"Tropical Malady" is more a film of payoffs than a sustained flow of realized moments. It's a far more elusive and abstract movie, and while it's not as satisfying as its predecessor, it has the excitement of a talented young director working his way toward something new, even if he's not sure what.
There's an unresolved tension in "Tropical Malady" between the director's control and the inchoate feelings he's depicting. The movie teeters on the brink of the irrational, or to be more precise, it ventures into territory where the links being made are poetic rather than literal or narrative ones.
Were Apichatpong in less control, the movie might simply feel crazy. And in a weird way, the unresolved tension works for the movie. The movie treats the irrational in reasonable terms -- monkeys talk; the soul of a dead cows rises from its corpse and walks away, a milky, translucent ghost -- and the disjunction is unsettling. We can't quite believe we're seeing what we're seeing, and yet the spell we're under leaves no doubt.
Like "Blissfully Yours," "Tropical Malady" leaves the quotidian world behind midway through -- only what it plunges into is pure fable. The beginning of the film is the burgeoning love story between a soldier, Keng (Banlop Lomnoi), and a country boy, Tong (Sakda Kaewbuadee). Tong shyly resists Keng's declarations and shows of affection and Keng's request that Tong join him when he leaves for maneuvers in the country (out of shyness, you get the feeling; part of the idyllism here is that there's no proscription against being gay). We're simply watching the playfulness of two boys falling in love.
But when Keng leaves for duty, "Tropical Malady" turns into another movie. Storybook illustrations and titles relate the legend of a powerful shaman who can turn himself into a tiger. In the region where the soldier is stationed, there has been a disappearance and cows are turning up slaughtered. We, and eventually the soldier, see a naked boy (Sakda Kaewbuadee, who plays Tong in the movie's first half) running through the jungle, his body covered in faint stripes that suggest the stripes of a tiger. Eventually the soldier realizes this "tiger" has come to devour his soul.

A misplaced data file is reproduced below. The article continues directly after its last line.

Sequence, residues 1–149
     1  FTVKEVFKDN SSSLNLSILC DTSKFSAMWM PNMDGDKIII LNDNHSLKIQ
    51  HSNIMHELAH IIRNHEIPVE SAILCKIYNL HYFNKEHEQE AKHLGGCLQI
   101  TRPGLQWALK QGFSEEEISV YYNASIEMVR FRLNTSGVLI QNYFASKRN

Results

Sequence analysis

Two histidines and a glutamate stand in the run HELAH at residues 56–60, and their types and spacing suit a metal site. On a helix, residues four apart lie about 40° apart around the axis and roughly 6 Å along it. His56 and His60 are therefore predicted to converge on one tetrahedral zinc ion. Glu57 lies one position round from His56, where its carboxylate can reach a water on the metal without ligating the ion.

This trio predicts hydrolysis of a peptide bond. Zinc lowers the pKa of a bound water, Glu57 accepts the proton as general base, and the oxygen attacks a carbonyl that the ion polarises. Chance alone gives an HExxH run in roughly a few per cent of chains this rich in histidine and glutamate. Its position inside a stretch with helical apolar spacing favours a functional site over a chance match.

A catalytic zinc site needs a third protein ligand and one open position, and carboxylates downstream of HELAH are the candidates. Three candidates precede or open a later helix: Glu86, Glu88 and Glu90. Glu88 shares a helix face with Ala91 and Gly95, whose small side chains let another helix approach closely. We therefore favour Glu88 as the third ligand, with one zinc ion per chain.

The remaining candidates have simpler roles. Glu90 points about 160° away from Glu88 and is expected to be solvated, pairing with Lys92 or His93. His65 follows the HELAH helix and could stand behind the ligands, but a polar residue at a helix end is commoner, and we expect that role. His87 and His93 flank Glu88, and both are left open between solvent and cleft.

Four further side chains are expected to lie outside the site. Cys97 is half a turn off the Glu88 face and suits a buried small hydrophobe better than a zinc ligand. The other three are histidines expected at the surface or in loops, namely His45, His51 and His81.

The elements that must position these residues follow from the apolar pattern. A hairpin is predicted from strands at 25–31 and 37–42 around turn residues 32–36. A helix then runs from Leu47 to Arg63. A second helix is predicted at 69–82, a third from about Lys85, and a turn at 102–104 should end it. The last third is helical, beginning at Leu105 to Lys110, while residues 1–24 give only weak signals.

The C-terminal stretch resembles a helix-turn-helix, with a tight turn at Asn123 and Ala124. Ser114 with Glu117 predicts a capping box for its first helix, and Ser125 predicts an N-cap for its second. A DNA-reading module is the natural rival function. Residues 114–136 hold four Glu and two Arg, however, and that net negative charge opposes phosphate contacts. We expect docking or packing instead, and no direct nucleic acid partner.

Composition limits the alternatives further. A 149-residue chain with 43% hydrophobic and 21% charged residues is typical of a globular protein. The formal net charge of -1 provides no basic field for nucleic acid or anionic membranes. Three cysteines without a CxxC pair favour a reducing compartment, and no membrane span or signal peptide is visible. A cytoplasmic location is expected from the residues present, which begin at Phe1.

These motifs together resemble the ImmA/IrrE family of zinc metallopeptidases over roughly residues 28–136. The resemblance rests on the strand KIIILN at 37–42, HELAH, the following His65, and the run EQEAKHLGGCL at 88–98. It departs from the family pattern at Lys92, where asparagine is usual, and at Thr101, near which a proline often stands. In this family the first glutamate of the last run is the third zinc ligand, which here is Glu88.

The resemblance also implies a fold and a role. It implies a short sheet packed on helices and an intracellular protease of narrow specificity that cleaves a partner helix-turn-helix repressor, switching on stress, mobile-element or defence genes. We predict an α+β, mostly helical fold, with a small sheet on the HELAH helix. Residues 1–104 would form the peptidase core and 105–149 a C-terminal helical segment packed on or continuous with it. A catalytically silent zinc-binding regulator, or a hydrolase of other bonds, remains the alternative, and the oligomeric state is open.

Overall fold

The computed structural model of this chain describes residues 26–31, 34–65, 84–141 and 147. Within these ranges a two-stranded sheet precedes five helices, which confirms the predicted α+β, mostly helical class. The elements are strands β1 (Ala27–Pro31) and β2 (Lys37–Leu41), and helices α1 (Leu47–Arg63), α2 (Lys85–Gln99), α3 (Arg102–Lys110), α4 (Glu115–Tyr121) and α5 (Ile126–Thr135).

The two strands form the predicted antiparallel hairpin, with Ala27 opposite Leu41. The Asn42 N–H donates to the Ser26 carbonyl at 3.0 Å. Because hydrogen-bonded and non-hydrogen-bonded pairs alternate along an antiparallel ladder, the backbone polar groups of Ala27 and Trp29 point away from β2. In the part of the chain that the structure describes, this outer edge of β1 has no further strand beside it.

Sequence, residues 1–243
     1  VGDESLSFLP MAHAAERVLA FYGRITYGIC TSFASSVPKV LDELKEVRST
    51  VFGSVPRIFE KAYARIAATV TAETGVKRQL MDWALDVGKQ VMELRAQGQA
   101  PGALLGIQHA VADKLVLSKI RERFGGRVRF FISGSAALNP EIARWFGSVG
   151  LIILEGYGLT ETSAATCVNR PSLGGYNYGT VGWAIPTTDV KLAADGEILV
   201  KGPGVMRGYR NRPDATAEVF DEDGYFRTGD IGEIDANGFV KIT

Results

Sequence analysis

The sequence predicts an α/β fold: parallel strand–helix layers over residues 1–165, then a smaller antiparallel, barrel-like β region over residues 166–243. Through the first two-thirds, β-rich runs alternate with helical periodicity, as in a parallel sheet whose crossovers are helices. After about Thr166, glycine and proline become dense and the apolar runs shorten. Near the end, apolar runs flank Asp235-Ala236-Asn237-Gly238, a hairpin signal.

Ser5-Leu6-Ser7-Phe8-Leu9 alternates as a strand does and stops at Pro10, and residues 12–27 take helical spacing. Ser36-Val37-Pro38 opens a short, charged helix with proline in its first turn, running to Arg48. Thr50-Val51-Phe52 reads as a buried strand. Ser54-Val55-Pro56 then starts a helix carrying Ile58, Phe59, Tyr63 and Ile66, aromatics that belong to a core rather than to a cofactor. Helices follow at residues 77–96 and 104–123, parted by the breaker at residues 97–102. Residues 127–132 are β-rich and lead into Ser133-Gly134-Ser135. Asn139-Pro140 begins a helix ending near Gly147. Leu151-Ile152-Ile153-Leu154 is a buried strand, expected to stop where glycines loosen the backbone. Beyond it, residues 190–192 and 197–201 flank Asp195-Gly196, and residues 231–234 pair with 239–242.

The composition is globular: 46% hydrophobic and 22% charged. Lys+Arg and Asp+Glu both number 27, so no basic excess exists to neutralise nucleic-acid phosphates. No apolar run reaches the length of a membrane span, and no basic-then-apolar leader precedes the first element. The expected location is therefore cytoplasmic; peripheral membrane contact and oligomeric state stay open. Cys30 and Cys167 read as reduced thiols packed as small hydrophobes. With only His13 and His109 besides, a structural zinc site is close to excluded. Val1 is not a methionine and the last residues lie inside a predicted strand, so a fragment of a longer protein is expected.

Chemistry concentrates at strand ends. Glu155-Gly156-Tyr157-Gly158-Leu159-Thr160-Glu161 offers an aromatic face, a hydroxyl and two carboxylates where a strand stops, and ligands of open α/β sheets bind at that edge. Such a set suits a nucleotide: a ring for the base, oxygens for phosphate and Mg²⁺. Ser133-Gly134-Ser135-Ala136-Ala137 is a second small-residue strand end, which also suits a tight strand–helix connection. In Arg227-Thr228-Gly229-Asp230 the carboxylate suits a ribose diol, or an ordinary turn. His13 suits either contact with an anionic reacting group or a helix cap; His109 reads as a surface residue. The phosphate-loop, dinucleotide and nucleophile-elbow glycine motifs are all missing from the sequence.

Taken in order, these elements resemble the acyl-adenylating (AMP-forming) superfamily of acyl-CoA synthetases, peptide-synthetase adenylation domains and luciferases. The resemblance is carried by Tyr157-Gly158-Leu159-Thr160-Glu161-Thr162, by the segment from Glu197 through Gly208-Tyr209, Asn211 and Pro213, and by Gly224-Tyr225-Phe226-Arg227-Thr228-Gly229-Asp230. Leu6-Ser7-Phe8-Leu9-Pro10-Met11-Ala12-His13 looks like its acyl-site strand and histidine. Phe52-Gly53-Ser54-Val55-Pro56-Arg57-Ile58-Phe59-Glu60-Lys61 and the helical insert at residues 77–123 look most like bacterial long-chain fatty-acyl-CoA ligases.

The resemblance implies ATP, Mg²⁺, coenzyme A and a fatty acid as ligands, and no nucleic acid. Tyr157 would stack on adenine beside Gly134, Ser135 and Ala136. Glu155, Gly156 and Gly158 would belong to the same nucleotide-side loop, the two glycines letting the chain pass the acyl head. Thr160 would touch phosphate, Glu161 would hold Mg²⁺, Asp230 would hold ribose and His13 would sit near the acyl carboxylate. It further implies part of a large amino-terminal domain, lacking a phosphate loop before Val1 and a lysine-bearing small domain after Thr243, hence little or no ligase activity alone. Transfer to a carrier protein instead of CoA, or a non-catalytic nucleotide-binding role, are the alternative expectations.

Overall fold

Were "Tropical Malady" to be reduced to what it's saying, in the psychoanalytic manner that always cheapens art, it would seem trite, a fable of how desire reduces us to a primitive state. The movie is too strange and vivid an experience to be summed up in that way. The naturalistic story of a soldier on lone patrol devolves into a cursed fairy tale. Apichatpong said he wanted to create an "in-between-worlds mood" in this section.
It's a night world in which, like a tiger, we learn to see in the dark. Sometimes all we can make out of the soldier is the outline of his features limned by the moon. All we see of the forest is what the soldier's greenish flashlight beam picks out. And what gets under your skin is that even though we see only bits and pieces, the surroundings seem just as alive as they do in daylight scenes (part of that is thanks to the superb sound design by Akritchalerm Kalayanamitr). By the time that flashlight beam picks out a tiger looking down from a tree with a hungry, mournful lordliness, we have succumbed to the movie's dark enchantment.
It may be that audiences are comforted (or at least less maddened) by reducing the movie to a parable about the deforming nature of love. But "Tropical Malady," even fighting off the longheurs as it sometimes does, is a good example of how the power of a movie sometimes has only marginally to do with what it claims to be about. The movie may be too strange, too experimental, too slow to attract much of an audience when it opens here next year. Neither did "Last Life in the Universe," directed by Apichatpong's countryman Pen-ek Ratanaruang. Thailand, at least, should be proud that it has produced two of the best young filmmakers working.